Even though Vanguard Natural Resources, LLC (VNR) has watched its price-per-unit amount drop by more than 50% since the beginning of the year, earlier in this the third week of September, 2016, the upstream master limited partnership heard favorable news from its lenders. Vanguard’s banks only cut its borrowing base from $1.8 billion down 26% to $1.325 billion, a number significantly less than many comparable producers in the oil and gas industry, some saw their lenders cut borrowing bases by up to 40% in recent months. (See also: Away From Coal (or Diesel) Toward Gas.)

As a result of the leniency of Vanguard’s crediting banks, the company looks to have averted bankruptcy for the time being, a reality many of Vanguard’s competitors have suffered or are suffering.

In anticipation of the cut, Vanguard hustled to liquidate assets and reduced its debt by $276 million from $1.7 billion to $1.424 billion, a proactive move that may have factored in to its lending banks minor vote of confidence.

Still, Vanguard only has $40 million in cash on hand, which means it has a deficiency of $103-plus million. But, the company made an agreement with its lenders to pay the deficit in six installments over the next six months. The money to repay the deficit is expected to come from cash overflow generated by its hedges in the oil and gas sector.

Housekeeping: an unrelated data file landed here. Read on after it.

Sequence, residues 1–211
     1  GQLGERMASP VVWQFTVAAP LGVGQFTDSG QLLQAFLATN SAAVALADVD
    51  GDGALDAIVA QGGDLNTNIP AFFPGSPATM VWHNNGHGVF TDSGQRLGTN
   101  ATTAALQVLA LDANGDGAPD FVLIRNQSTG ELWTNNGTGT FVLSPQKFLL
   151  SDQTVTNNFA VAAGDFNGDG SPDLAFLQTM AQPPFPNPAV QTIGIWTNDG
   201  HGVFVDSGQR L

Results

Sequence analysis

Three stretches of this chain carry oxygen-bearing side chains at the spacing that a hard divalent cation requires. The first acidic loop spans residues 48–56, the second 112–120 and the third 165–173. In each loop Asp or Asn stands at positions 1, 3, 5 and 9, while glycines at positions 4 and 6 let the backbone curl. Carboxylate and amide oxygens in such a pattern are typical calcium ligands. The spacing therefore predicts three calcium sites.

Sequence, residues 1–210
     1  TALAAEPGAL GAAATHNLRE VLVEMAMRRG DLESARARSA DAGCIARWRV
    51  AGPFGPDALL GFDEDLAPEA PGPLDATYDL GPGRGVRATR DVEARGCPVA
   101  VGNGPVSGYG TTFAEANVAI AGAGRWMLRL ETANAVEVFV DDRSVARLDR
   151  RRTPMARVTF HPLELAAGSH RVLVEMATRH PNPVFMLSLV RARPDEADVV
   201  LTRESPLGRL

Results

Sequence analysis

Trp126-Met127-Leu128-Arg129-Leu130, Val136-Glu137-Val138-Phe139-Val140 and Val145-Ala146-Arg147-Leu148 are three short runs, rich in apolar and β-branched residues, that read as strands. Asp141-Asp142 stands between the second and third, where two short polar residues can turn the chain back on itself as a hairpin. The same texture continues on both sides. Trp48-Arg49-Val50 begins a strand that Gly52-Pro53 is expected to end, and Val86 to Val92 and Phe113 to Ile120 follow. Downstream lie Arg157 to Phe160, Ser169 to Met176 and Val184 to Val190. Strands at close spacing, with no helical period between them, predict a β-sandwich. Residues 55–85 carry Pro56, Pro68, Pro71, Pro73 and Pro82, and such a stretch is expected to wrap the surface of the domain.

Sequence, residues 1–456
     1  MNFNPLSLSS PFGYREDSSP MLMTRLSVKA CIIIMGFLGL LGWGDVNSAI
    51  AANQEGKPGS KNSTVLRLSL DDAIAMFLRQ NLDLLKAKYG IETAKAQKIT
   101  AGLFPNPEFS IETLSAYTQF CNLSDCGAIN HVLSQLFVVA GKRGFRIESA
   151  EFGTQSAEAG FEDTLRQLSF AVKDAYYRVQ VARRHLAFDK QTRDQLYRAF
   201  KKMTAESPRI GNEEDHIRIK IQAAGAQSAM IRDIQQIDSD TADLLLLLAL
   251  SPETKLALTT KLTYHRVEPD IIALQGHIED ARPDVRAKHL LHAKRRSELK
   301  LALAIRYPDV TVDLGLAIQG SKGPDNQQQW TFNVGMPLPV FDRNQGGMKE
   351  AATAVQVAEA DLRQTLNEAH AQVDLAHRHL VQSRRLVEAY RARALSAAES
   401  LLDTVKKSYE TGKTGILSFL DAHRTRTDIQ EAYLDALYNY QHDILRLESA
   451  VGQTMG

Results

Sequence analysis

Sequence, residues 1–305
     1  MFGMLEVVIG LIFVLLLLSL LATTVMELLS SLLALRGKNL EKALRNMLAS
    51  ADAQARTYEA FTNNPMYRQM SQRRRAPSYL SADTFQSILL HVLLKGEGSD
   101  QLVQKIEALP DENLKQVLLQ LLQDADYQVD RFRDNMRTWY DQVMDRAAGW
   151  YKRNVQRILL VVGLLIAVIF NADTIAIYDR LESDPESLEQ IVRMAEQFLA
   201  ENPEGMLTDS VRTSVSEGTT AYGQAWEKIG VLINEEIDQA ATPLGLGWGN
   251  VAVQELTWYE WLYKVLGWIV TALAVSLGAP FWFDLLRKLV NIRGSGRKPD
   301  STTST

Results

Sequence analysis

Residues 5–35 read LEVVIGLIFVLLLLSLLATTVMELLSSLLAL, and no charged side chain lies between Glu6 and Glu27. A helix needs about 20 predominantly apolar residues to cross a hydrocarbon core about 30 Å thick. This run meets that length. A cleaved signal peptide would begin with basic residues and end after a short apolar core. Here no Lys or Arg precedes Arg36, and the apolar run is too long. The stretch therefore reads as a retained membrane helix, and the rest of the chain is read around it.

During Vanguard’s second-quarter conference call with investors, CFO Richard Roberts addressed the state of the company and its biggest hurdle in the coming months: the reserve-based credit agreement Vanguard has with lenders. Vanguard’s reserve-based credit agreements give its lenders rein to determine its borrowing base every six months. Lenders can adjust the borrowing base every 180 days at their own discretion.

As such, even if commodities prices rise and the energy sector begins to recover, that does not necessarily mean Vanguard’s banks will raise the company’s borrowing base. Hypothetically, the banks could continue to lower the company’s borrowing base even if Vanguard unit prices increase dramatically and the energy sector becomes a bull market.

And, without the additional capital to operate the 25 acquisitions Vanguard spent $5 billion to build, there is a good chance the company will go belly up.

News of Vanguard’s moderate win did little to heighten interest in the company. At closing on the 22nd of September, 2016, Vanguard stock was at $1.08, up only .93%.

Want to learn how to invest?

Get a free 10 week email series that will teach you how to start investing.

Delivered twice a week, straight to your inbox.